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Arunachal Pradesh: The Chakma-Hajong Refugee Crisis

30 March 2005

M Amarjeet Singh
Researcher based in Guwahati

T he Arunachalese are getting increasingly worried about the future of their tribal identities, in view of the threat posed by the Chakma-Hajong refugees. They have been demanding their deportation, alleging they were dumped by the Government of India as a temporary measure, but much against their wishes.

I n doing this, political parties have joined the chorus to highlight the State’s four-decades old vexed refugee’s issue, mostly to score political points especially in the times of elections. Lately, even the militant outfits have joined the bandwagon against the refugees. The militant National Liberation Front of Arunachal (NLFA) has also renewed its threat to drive out the Chakma-Hajong settlers from the State.

W ay back in the 1960s, following the alleged atrocities committed on them by the majority Muslims and construction of the Kaptai hydro-electric dam in the Chittagong Hill Tracts of Bangladesh, several thousand Chakmas were displaced. A large number of them sought refuge in India. Subsequently, in 1964, the Government of India temporarily resettled some 35,000 Chakmas in the former North Eastern Frontier Agency (NEFA), in the areas that comprise the present day Lohit, Changlang and Papumpare districts of the State.

W hen NEFA was upgraded into the full-fledged State of Arunachal Pradesh in 1987, the issue gathered momentum. Since then, successive governments in the State have been pressing for their deportation. Leading the campaign, the vocal student body, All Arunachal Pradesh Students’ Union (APSU) had even issued a ‘Quit Arunachal Pradesh’ notice to the Chakma-Hajong settlers. These efforts are yet to produce any result. However, the Chakma-Hajong communities have intensified their struggle for citizenship rights since the early 1990s and accused the State Government of human rights violations. Due to their constant pressure tactics a total of 1,497 of them were enrolled in the State’s voter lists in January 2004 in a significant move with far reaching implications.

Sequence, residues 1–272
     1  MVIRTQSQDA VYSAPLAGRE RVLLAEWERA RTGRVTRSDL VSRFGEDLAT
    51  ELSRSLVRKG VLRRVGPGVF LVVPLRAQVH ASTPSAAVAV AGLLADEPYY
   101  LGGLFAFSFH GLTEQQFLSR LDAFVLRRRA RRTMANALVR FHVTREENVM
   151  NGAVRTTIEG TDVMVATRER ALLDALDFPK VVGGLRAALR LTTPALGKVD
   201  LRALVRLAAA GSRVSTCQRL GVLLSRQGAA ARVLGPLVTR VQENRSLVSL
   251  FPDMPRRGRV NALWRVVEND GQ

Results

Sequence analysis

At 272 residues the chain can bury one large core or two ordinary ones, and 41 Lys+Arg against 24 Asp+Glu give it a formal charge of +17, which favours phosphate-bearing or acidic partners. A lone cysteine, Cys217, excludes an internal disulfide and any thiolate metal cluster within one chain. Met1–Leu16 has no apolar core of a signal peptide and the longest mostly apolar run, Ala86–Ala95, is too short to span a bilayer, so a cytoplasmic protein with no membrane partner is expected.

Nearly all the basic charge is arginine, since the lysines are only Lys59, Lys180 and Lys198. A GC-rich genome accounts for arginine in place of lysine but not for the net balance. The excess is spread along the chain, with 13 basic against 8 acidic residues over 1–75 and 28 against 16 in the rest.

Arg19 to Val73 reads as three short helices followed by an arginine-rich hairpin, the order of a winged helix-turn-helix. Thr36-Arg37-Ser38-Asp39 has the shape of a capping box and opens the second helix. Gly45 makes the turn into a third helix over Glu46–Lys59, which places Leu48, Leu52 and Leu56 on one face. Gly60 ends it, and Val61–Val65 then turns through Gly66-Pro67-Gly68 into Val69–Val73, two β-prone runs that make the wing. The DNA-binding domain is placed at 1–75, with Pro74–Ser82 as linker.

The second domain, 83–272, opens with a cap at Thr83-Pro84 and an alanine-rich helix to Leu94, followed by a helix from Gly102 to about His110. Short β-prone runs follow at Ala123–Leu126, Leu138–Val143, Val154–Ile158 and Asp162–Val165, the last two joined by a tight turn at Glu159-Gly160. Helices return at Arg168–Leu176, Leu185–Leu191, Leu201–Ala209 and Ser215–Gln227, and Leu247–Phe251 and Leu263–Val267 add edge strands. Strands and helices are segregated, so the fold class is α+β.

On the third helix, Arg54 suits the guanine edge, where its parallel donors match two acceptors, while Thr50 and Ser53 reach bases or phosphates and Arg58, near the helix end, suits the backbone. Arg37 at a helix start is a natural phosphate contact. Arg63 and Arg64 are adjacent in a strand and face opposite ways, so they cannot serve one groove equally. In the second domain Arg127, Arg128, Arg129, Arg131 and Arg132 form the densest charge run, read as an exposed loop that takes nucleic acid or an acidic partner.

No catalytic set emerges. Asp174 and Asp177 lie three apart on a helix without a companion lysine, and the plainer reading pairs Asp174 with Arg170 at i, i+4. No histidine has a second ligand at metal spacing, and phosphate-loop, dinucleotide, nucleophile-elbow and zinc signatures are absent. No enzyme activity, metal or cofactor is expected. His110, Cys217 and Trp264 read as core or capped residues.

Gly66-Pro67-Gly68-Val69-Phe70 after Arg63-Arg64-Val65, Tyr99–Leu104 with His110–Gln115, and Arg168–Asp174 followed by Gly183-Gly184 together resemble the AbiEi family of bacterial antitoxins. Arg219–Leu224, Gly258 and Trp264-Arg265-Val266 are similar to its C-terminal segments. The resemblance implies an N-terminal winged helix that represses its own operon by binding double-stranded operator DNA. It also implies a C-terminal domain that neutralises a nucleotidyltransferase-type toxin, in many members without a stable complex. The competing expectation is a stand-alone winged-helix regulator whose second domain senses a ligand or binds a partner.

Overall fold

A presence of Chakma-Hajong communities in the State is perceived as a potential threat to their indigenous tribal culture and traditions by the host tribal communities. Their apprehension is that the 65,000 strong Chakma-Hajong refugees could in future emerge as a dominant political force. Such an eventuality would seal any prospects of their deportation. They are also increasingly worried about the alleged gradual transfer of their land to the refugees. Besides, the refugees are also accused of encroaching on the reserved forest land.

T aking strong exception to the killing of a zila parishad member of Diyun in Changlang district allegedly by Chakma refugees on 30 November 2004, the militant NLFA served notice on the Chakma-Hajong communities to leave the State within two months. Condemning this incident, NLFA’s self-styled publicity secretary, B. Dollung said that the raising criminal activities of the refugees were beyond tolerance limits in a faxed message to the local media on 10 December 2004. The militant group also warned that it was time for the refugees to vacate ‘Arunachal soil’ at the earliest. The outfit had also protested against their enrollment in the State electoral rolls.

A bove all, there are alarming reports of nexus between the Chakma refugees and the underground extremists operating in Tripura, which is a cause for serious concern. As time passes the issue is becoming more complicated. It must be borne in mind that India’s powerful neighbour, China, is not far from Arunachal Pradesh. In such a situation, serious efforts need to be made by the central and the state government to resolve the impasse, so as to prevent Arunachal becoming another Tripura. Half-baked solutions are bound to create more security challenges in future. The issue needs urgent attention as the region is prone to violent insurgencies.

Source: Institute of Peace & Conflict Studies

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